Ending the Filibuster: A Power Grab by the ‘Slimmest Majority’

Speaker of the House of Representatives Nancy Pelosi (D., Calif.) and Senate Democratic Leader Chuck Schumer (D., N.Y.) speak to reporters during a news conference at the Capitol in Washington, D.C., November 12, 2020. (Hannah McKay/Reuters)

“Power tends to corrupt,” Lord Acton wrote to Bishop Mandell Creighton in 1887, “and absolute power corrupts absolutely.” One form of that corruption is partisan hypocrisy, doing an about-face on a significant issue for no reason other than enhancing your own political party’s power. That is playing out before our eyes as Senate Democrats who once defended that institution now appear poised to damage it forever.

A century before Acton’s famous words, America’s Founders designed our system of government to keep too much power from ending up in too few hands. Their design is captured by the phrase “checks and balances.” The accumulation of all powers in the same hands, wrote James Madison, “may justly be pronounced the very definition of tyranny.”

Checks and balances operate within, as well as between, the three branches of government. The Senate and House, for example, participate in the legislative process in different ways. Senate rules require a supermajority to end debate before a simple majority can pass a bill. That gives the minority more influence and encourages deliberation and consensus. This opportunity for extended debate has been the single most defining feature of the Senate as a legislative body for more than 200 years.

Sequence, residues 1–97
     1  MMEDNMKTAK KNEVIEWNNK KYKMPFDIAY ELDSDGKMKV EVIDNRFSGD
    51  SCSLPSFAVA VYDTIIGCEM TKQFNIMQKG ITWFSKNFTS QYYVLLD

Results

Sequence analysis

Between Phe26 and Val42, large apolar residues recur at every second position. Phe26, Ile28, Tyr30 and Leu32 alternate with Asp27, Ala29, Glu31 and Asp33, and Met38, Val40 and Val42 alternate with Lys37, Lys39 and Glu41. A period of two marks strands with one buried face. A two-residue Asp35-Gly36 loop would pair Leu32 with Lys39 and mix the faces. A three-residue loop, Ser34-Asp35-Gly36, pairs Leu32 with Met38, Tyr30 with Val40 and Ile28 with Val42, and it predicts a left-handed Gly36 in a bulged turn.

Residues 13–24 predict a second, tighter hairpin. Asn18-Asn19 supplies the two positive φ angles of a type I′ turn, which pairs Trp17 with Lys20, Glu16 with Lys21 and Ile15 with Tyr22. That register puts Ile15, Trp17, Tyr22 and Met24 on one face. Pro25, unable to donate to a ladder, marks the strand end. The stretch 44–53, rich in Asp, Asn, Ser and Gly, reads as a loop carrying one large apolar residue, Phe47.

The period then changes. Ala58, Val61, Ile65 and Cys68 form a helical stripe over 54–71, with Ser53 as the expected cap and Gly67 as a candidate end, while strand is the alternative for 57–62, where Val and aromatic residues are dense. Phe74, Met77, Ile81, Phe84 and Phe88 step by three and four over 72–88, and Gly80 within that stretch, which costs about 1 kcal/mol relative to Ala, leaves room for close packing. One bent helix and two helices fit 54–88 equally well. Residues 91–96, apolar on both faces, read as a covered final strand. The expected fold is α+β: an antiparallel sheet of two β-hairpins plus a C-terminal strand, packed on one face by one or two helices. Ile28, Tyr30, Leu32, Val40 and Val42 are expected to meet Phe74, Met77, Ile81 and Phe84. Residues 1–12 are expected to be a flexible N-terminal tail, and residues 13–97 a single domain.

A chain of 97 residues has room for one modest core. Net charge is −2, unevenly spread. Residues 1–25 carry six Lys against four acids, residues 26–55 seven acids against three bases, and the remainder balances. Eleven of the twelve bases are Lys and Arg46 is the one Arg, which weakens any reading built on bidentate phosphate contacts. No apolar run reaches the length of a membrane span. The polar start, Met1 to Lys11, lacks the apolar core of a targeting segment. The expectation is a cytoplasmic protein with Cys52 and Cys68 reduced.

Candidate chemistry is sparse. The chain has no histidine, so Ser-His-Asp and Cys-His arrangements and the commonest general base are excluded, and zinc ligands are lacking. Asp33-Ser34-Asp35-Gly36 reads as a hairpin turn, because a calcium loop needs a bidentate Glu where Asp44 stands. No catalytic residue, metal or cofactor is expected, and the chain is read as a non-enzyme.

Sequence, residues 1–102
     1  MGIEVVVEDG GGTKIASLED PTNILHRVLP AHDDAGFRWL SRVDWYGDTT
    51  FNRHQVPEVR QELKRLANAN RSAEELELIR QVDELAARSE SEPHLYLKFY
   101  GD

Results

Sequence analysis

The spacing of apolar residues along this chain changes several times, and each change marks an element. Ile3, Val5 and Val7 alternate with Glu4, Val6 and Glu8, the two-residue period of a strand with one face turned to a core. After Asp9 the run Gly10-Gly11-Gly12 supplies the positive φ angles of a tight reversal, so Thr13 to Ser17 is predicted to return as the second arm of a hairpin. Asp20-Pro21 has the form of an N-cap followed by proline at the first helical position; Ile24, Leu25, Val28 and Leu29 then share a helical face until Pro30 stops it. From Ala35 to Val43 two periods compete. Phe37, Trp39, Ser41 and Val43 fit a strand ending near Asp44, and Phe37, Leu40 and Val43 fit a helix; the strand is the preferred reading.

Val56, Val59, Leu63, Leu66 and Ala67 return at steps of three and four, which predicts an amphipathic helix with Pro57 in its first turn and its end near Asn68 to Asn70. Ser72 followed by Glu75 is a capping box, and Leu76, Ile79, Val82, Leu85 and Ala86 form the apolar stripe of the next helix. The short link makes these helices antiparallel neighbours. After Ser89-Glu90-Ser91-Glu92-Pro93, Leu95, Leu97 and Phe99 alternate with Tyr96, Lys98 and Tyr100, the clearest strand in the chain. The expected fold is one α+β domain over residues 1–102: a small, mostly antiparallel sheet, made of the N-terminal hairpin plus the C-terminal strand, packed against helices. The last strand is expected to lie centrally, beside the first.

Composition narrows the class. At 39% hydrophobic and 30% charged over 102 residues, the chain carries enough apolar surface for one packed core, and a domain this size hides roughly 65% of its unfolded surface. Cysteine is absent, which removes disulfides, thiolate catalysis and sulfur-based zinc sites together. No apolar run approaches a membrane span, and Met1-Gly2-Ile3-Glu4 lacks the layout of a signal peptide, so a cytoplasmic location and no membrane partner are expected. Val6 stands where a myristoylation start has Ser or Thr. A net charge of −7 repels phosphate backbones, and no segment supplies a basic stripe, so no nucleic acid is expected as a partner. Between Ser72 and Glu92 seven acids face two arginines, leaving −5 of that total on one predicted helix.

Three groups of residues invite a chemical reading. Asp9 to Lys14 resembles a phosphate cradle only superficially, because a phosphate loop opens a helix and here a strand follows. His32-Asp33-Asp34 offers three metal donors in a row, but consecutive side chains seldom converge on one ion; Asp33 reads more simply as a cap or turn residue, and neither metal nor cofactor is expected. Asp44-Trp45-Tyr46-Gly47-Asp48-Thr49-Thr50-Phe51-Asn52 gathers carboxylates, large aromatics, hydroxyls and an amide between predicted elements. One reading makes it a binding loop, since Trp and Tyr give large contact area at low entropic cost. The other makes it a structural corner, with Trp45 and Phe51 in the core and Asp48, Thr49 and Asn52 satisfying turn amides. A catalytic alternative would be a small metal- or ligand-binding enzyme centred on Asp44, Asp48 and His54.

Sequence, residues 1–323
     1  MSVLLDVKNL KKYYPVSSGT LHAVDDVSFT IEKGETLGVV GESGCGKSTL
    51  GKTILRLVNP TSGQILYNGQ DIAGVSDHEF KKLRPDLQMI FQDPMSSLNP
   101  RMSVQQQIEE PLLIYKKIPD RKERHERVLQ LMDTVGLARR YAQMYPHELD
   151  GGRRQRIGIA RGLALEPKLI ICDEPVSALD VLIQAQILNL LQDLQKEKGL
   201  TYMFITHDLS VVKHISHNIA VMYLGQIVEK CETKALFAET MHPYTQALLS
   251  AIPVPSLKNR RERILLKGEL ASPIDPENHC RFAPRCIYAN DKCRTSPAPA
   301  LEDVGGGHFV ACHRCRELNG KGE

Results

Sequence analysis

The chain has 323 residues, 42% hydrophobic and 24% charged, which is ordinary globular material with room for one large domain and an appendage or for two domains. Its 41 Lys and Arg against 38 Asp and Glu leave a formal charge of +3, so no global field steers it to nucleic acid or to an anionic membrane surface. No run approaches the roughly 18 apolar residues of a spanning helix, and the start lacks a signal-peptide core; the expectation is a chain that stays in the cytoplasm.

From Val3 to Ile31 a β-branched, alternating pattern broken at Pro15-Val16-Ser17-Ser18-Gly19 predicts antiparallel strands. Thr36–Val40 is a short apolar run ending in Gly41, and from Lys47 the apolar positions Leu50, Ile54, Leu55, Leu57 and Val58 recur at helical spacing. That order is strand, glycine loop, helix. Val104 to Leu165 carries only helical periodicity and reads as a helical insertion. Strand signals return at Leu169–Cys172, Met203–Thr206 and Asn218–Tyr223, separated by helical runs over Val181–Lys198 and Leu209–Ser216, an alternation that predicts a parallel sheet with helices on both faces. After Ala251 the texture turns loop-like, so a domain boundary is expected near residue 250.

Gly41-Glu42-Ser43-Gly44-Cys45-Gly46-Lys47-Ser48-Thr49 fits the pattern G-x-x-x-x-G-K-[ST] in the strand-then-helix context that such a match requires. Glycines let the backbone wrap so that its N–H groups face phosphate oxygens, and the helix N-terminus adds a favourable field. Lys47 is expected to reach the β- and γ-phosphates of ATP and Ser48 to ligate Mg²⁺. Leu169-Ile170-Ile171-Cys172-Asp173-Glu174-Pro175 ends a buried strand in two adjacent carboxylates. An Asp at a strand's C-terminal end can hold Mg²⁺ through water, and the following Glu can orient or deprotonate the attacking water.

The 60-vote threshold required since 1975 is the lowest since the turn of the 19th century. For more than a century, ending debate required 100 percent agreement, dropping to two-thirds from 1917 to 1975. It is still high enough so that moving legislation forward requires at least minimal bipartisan effort. A filibuster occurs when the tally falls short of that 60-vote target. Extended debate obviously empowers the minority and frustrates the majority, but both parties have used it to their advantage across a wide range of legislative issues.

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It’s easy for senators to defend extended debate when their party is in the minority. The real test comes when Senate control changes and those senators must apply their earlier arguments to themselves. In April 2005, for example, when Democrats were in the minority, Senator Charles Schumer (D., N.Y.) said, “When the Senate does slow things down, when the Senate does invoke checks and balances, the Republic is better off.”

A month later, with Republicans holding a 55–45 majority, Schumer again addressed extended debate. He explained that the Senate “is not like the House of Representatives. . . . The reason we don’t always work by majority rule is very simple. On important issues, the Founding Fathers wanted – and they were correct in my judgment – that the slimmest majority should not always govern.”